Why Invest in a Dedicated and Present Product Owner?

As part of a group of professionals that rely on Agile and as a member of various scrum teams over the past few years, I think it is safe to make an observation about best practices. I have noticed there are some organizations that still do not see the value in a role that takes care of their products and ensures the products are exactly what they asked for. However, in my experience, I have noticed the most intrinsic part of the scrum life cycle is, in fact, the Product Owner. 

What Makes a Good Product Owner?

A question stakeholders have asked me in the past is: “What qualities make a good Product Owner?” As a developer, I would love a technical Product Owner; someone that would understand me if I say that I have concerns or questions about the type of authentication that we are using for a certain type of micro-service. As a Scrum Master, I would love someone that keeps backlogs clean and is easy to understand; one that writes consistent acceptance criteria and knows exactly what features he or she wants to see as part of the product by the end of every iteration. As a stakeholder, I would love someone that takes care of the little details for me so I can focus on the big picture. All this being said, you now see where the problem lies. Every member of a project has a different set of qualities they would like to see in a product owner and it seems unrealistic to hope for someone that has all of them. Or is it?...

Because I have been able to work on all ends of the software development cycle, I would say that a mix of everything is the sweet spot.

Besides being detail oriented and understanding the agile cycle, in my experience, these three qualities are the mix needed for a good product owner: 

  1. You don’t need a PO that has a deep knowledge of the technologies or even the languages that you are using to develop the software, but he or she needs a basic understanding of how to use the software, browsers, operative systems and the terms that developers love using so much.
  2. He or she needs to have a familiarity with the software that you use to track your work and progress (Rally, Jira, TFS, etc.). This understanding of agile software is crucial when it comes to understanding the scrum rituals (or activities as I like to call them).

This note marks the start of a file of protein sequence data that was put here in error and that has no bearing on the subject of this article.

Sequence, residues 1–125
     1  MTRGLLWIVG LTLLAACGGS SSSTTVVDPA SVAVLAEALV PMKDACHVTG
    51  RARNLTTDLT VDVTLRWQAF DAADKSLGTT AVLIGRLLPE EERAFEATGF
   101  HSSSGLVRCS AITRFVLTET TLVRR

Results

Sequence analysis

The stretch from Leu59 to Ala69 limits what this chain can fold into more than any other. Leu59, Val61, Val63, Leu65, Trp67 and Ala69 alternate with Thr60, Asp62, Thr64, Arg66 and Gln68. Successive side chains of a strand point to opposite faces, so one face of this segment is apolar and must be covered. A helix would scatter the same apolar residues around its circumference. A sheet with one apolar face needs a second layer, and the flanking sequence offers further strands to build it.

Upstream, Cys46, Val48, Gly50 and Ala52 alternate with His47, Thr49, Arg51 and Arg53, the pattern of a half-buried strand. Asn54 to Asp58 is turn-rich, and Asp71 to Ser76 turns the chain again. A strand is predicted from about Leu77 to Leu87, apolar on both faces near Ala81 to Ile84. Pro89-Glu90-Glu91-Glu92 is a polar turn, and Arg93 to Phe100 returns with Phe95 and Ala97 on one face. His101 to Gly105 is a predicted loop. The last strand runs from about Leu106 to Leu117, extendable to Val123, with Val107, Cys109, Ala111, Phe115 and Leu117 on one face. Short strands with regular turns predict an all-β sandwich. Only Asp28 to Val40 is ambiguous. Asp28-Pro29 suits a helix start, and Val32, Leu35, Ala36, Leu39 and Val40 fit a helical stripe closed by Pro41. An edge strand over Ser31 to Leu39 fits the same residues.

3. He/she knows how to read the charts and the iteration status’. This helps the scrum master to keep a realistic snapshot of the team’s status on the charts.

If you are a stakeholder, and you have a Product Owner that does all of this for you, imagine all the accurate and relevant information he/she could share with everyone on the team!

Who Shouldn’t be the Product Owner? 

Yes, we ask a lot from our Product Owners. We want them to filter what features make it to the backlog, answer questions about the functionality of the product we are building and we want them to be present and know the business. The president of a company once told me, “I know exactly what I want from this product, so I’ll be your Product Owner.” To this day I can still remember the chills that it sent down my spine! I asked him: “Are you not going to be the President of the company anymore”? To which the president responded: “Sure I will, I can do both, how difficult could it be?” 

Problems without a Dedicated Product Owner 

These are only some of the problems and situations that we experienced as a result of not having a dedicated PO on that project:

  1. Incomplete backlogs
  2. User stories with vague descriptions
  3. Confusing acceptance criteria
  4. Changes in the scopes of the user stories and even the features in the middle of the iterations
  5. Wrong prioritization of the backlogs
  6. Problems with estimation
  7. Countless unnecessary large and exhausting grooming sessions

He, of course, was not able to be a dependable PO because he was also the president of a company with a million different things to worry about. The little details that dedicated PO’s care about were not a priority for him. That experience made me have huge respect for our product owners and helped me become fully aware of how important they are to the success of any scrum team.

Conclusions

Yes, scrum masters keep everything in sync and they get rid of blockers. Yes, the developers actually build the product. Yes, our Quality Analysts make sure that our product is high quality and follows high standards. But, just as important is our Product Owner. The product owner is the piece of the team that tells us what the business needs are and the one that approves or rejects everything that the team builds. Having a dedicated Product Owner for our teams is not a waste of a resource, but an investment of time and effort in a position that will most likely determine if the product we are building brings value to the business. And isn’t value what really matters?!  

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Oscar Alfaro

Oscar started his career as a software developer in 2005. By 2012 he started to shift his career to the project management side. The new tendencies on how to accomplish goals and actually deliver high-quality products really got my attention. He's been part of big multinational companies as well as small projects and he's noticed that managing projects shapes many aspects of his life.

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